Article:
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Interesting issue with compaction. Any ideas to eliminate?

P: n/a
I have stumbled upon an interesting issue with regard to compaction of
an access frontend database which resides on a DFS target that utilizes
FRS to mirror the sharepoint, and I was wondering if anyone knows a way
to overcome it.

For those who are unaware of DFS or FRS, DFS stands for Distributed
File System, and basically involves "mounting" various sharepoints that
reside on various computers underneath one special sharepoint. When
you access the mounted directory under the DFS share, you are invisibly
redirected to where the share really is. FRS stands for File
Replication System (I think. it could be Service, tho). If you
indicate that a particular mount point in the DFS share has two or more
target sharepoints, you can tell Windows to use FRS to ensure changes
to the files in the sharepoint are replicated to the other targets.
Both of these are built-in technologies of Windows 2003 server.

On to what I have observed. We have a frontend/backend Access 2003
database application residing on one of these FRS replicated
sharepoints, and have the option to compact the database on close
turned on. What I am seeing is that when the compaction occurs, the
frontend database is renamed to DB1.mdb, and this name change is then
replicated to the other servers. The name is never changed back again,
leaving the shortcuts that the users use to access the database broken.
I have turned off the compact on close option, and the effect stops,
so the issue is linked to compacting on a FRS replicated sharepoint. I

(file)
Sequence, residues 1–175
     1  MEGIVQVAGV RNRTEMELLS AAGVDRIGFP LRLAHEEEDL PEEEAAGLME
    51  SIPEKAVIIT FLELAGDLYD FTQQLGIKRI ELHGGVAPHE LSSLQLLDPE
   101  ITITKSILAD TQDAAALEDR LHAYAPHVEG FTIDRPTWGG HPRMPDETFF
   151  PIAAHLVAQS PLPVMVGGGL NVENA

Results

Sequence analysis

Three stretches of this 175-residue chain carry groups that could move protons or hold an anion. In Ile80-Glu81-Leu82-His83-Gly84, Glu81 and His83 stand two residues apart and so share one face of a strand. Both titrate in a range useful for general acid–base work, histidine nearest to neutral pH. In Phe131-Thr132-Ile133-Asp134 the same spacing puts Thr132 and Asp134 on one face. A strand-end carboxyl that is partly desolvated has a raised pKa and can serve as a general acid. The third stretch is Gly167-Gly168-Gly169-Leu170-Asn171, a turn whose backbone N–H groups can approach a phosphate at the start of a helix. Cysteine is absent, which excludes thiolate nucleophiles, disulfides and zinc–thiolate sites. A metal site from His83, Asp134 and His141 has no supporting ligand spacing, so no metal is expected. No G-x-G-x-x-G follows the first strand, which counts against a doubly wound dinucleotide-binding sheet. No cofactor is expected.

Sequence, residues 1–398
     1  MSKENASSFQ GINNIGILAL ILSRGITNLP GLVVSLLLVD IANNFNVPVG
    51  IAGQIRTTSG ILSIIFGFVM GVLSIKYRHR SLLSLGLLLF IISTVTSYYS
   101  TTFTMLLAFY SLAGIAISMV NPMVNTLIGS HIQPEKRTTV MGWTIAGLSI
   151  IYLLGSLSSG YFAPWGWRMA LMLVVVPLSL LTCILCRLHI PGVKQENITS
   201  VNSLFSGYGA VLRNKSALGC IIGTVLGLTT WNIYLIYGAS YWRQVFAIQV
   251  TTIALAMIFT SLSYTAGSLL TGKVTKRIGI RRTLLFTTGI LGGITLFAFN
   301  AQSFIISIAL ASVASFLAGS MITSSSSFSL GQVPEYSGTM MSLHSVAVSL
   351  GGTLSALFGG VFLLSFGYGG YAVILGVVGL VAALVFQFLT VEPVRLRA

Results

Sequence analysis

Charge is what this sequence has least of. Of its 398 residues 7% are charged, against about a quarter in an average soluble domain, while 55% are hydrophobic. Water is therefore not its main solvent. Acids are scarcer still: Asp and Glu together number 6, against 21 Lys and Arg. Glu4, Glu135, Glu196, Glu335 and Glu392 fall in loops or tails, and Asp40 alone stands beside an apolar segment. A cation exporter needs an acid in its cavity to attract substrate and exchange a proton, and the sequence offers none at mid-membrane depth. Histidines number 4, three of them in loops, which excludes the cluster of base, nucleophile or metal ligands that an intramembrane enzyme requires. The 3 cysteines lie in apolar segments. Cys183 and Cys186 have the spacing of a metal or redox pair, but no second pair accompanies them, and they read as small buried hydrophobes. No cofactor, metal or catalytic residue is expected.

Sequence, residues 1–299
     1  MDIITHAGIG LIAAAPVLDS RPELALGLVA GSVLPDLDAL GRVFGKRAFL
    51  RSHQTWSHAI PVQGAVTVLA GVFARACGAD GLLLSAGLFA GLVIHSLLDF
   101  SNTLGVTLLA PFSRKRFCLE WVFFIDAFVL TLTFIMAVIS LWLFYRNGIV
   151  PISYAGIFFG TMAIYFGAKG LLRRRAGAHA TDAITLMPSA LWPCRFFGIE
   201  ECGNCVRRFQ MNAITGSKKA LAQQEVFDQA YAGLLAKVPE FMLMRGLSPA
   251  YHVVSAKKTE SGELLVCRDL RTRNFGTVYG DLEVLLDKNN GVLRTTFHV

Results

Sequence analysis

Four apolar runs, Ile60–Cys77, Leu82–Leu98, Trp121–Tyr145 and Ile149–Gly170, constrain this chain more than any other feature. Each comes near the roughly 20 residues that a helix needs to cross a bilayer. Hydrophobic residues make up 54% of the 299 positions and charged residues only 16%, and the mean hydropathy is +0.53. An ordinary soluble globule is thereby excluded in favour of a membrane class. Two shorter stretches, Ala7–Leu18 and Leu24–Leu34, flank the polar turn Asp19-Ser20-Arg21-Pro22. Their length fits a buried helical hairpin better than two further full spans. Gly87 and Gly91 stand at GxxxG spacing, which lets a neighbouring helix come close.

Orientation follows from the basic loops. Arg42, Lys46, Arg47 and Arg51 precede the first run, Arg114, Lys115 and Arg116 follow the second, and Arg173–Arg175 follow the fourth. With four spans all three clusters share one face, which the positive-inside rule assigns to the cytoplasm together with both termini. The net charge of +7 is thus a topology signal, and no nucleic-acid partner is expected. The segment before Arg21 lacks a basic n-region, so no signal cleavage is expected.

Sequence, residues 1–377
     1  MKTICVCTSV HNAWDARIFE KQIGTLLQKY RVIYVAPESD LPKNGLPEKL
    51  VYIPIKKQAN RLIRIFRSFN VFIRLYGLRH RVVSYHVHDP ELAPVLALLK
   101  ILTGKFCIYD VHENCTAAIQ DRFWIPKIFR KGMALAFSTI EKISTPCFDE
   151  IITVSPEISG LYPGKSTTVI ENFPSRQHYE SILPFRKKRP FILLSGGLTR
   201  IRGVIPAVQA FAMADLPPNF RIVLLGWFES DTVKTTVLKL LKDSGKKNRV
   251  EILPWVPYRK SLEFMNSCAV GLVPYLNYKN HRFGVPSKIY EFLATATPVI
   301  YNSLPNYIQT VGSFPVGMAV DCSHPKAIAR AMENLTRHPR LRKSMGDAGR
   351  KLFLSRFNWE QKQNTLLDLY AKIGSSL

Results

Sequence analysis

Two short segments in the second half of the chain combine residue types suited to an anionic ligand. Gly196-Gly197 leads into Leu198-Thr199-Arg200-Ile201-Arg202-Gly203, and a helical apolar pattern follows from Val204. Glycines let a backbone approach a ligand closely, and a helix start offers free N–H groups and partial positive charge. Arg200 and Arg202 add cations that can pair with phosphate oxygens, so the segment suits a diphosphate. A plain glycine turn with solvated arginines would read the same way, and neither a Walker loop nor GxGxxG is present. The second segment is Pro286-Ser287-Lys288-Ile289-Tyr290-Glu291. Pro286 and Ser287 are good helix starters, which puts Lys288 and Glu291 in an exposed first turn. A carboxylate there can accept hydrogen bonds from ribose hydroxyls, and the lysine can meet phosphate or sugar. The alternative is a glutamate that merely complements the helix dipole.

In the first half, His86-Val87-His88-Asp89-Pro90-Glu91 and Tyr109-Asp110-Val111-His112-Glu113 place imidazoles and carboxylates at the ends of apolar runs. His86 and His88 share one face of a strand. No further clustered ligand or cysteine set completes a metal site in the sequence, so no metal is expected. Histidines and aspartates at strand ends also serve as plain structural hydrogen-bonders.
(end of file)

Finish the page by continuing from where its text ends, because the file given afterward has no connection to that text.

would like to turn the compaction back on, as the database tends to
grow rather large, but I do not want the database's filename to change.
Any ideas?

Nov 13 '05 #1
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11 Replies


P: n/a
da********@gmail.com wrote:
I have stumbled upon an interesting issue with regard to compaction of
an access frontend database which resides on a DFS target that
utilizes FRS to mirror the sharepoint, and I was wondering if anyone
knows a way to overcome it.

For those who are unaware of DFS or FRS, DFS stands for Distributed
File System, and basically involves "mounting" various sharepoints
that reside on various computers underneath one special sharepoint.
When you access the mounted directory under the DFS share, you are
invisibly redirected to where the share really is. FRS stands for
File Replication System (I think. it could be Service, tho). If you
indicate that a particular mount point in the DFS share has two or
more target sharepoints, you can tell Windows to use FRS to ensure
changes to the files in the sharepoint are replicated to the other
targets. Both of these are built-in technologies of Windows 2003
server.

On to what I have observed. We have a frontend/backend Access 2003
database application residing on one of these FRS replicated
sharepoints, and have the option to compact the database on close
turned on. What I am seeing is that when the compaction occurs, the
frontend database is renamed to DB1.mdb, and this name change is then
replicated to the other servers. The name is never changed back
again, leaving the shortcuts that the users use to access the
database broken. I have turned off the compact on close option, and
the effect stops, so the issue is linked to compacting on a FRS
replicated sharepoint. I would like to turn the compaction back on,
as the database tends to grow rather large, but I do not want the
database's filename to change. Any ideas?


Just an opinion. One should never allow multiple users to open a single
shared file as this leads to frequent corruptions and degrades performance.
The recommended approach is to split your app into a shared "data only" file